If Bill Laimbeer were a betting man, he “wouldn’t touch this one.”
That’s how the Las Vegas Aces coach is approaching what he expects to be a wide-open race as teams opened training camp for the upcoming WNBA season this week in the “bubble” at IMG Academy in Bradenton, Florida.
“The mental part is going to be the most demanding,” Laimbeeer said. “You get here, and nothing is going to be the same that you’re used to in training camp or life in general. I told them the teams that stick together mentally and pick each other up, and just try to be as mentally strong as they can, if it’s sustainable, then those are the teams that are going to have an advantage.”
Such is life in the time of the COVID-19 pandemic, when there are more questions than answers. The league has yet to release a schedule or definitive start date, although the first games are expected to be played later this month.
There’s also no way to know how each team will react to being stuck in the bubble for the entire season or how they will deal with having no home court advantage and no fans in the stands.
There were some issues with accommodations when the teams arrived, such as a video that showed a laundry room with a mouse trap that was circulated around social media by several players.
“I knew coming in the first couple days were going to be like, ‘Oh my gosh,’ because you’re accustomed to a lifestyle and things are going to be different,” Aces forward A’ja Wilson said. “There were some mishaps. It was a little crazy, and it never should have gotten to that point. At the same time, the recovery factor and the way the league has taken care of things has been surprising to me.”
With the league helping the players get some of the logistical issues behind them, they’ve been able to focus on basketball.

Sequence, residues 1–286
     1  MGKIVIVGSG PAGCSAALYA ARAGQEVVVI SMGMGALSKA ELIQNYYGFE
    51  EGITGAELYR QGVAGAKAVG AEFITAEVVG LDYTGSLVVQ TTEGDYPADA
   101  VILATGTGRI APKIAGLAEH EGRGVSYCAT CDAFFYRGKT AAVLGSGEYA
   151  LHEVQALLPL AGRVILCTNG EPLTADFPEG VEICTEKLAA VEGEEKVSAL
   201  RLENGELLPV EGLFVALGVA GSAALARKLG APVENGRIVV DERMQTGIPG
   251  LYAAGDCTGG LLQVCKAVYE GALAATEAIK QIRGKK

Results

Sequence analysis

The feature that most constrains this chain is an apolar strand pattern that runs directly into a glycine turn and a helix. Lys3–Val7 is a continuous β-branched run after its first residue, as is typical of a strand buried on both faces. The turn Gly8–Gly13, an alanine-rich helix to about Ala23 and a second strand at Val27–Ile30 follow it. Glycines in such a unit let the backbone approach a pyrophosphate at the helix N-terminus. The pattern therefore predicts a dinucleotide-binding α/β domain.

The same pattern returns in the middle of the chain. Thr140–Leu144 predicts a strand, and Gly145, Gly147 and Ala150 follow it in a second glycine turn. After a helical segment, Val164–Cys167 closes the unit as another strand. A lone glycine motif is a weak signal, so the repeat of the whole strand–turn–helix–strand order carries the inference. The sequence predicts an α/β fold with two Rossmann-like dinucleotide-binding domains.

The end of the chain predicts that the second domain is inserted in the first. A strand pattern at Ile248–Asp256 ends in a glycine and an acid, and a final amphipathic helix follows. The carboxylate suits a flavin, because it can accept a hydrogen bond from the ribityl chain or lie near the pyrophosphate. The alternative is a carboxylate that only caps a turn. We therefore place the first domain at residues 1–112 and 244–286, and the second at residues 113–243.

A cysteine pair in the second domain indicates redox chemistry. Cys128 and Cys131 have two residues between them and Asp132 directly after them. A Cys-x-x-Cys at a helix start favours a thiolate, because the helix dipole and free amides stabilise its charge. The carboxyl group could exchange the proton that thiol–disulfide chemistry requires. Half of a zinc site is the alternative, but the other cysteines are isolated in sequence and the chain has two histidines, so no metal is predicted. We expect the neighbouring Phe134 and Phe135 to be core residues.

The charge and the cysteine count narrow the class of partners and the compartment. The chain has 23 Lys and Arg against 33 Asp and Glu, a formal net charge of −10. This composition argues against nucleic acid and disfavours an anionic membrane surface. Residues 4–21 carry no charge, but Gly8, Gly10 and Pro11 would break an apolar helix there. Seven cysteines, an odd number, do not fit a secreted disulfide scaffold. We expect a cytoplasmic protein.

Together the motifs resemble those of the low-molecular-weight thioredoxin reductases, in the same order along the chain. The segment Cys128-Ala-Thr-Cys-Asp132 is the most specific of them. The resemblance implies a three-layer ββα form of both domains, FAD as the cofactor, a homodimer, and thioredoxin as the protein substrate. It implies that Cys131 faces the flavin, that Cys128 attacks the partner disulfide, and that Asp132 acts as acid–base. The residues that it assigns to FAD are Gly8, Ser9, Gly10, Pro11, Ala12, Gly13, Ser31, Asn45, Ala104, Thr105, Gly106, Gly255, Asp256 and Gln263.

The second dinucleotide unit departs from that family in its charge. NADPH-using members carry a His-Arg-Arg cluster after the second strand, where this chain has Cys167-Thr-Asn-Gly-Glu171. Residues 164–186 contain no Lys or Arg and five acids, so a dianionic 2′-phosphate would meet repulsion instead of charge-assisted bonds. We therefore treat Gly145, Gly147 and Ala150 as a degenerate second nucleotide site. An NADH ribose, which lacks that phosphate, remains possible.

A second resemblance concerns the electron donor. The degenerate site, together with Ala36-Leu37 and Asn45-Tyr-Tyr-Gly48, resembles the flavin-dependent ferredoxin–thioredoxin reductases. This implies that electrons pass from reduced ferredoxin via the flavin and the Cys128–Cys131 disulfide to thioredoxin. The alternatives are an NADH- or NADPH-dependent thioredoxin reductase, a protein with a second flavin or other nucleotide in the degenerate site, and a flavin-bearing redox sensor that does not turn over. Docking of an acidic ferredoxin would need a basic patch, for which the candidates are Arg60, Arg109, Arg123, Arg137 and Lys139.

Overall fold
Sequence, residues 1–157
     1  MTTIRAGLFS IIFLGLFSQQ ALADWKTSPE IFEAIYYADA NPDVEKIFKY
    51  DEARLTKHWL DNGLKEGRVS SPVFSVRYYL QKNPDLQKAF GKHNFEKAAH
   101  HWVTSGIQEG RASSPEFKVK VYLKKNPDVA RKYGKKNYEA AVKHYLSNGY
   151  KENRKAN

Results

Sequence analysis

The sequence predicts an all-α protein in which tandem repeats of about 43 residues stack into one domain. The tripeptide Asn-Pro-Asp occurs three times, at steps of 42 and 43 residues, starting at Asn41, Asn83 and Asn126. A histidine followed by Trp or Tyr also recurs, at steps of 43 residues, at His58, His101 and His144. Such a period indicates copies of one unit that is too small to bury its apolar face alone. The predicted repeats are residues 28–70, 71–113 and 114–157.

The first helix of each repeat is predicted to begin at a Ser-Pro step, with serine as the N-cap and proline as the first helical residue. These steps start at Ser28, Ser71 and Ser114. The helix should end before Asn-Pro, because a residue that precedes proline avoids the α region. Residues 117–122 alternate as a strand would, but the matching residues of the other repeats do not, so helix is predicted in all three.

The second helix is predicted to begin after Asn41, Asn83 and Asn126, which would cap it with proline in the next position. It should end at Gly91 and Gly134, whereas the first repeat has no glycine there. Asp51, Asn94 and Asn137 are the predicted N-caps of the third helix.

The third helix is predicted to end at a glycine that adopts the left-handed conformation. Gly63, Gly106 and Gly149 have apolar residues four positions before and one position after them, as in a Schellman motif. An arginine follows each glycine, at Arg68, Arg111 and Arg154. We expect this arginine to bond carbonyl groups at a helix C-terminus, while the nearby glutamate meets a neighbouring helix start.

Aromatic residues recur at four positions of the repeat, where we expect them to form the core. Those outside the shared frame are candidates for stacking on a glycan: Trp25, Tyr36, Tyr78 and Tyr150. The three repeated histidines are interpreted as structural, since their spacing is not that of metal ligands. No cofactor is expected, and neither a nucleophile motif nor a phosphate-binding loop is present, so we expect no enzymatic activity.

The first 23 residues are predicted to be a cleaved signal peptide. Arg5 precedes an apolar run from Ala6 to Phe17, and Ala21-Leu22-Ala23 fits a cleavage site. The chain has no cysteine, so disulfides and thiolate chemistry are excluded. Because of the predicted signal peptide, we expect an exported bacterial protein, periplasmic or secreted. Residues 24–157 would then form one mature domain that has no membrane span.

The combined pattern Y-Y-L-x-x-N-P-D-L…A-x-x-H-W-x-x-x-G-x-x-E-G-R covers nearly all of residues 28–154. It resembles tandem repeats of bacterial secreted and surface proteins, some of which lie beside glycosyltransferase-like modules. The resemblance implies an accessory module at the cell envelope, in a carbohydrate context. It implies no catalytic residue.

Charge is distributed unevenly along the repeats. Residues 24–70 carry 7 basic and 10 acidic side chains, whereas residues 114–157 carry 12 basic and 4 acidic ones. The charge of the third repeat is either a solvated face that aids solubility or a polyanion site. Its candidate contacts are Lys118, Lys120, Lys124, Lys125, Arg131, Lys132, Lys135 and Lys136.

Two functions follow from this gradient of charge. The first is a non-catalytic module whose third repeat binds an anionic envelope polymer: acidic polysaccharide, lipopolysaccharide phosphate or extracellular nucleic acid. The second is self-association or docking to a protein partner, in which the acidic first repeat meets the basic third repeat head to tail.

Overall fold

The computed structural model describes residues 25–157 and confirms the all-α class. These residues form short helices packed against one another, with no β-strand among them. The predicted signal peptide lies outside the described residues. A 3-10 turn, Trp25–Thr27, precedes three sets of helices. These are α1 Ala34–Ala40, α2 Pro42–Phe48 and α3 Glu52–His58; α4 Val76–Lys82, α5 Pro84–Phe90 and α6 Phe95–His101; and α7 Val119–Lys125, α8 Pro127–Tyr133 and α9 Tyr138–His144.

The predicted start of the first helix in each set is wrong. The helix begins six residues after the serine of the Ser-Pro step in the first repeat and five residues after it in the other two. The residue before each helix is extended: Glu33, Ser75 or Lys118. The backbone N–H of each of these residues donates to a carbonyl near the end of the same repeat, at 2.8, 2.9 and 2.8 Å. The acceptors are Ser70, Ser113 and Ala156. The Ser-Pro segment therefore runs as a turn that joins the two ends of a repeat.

For the Aces, that’s meant trying to be as efficient as they can without having everyone available. Center Liz Cambage opted out of the season because of health concerns, and guard Kelsey Plum will also be out after she tore her left Achilles tendon.
Guards Sugar Rodgers and Kayla McBride and center Carolyn Swords have missed the first two days of practice, although Laimbeer expects Swords to be available Sunday.
“Being here is difficult for the coaches because we normally have 15 players and a lot of repetitions for everyone and can save their legs,” Laimbeer said. “Now with eight or nine, it’s difficult. You can’t play 5-on-5, you can’t bring in guys to practice against. You have to make the most of what you’ve got.”
Despite the early issues with accommodations and the lack of a full roster, Laimbeer said the team’s energy level has been high. The players are excited to get the season started.
“We waited a long time for this and now we’re finally here.,” guard Jackie Young said. “ Everyone looks pretty good, and everybody was excited to be back on the court. We’re a little bit different of a team this year, and getting out on the court with each other has been great.”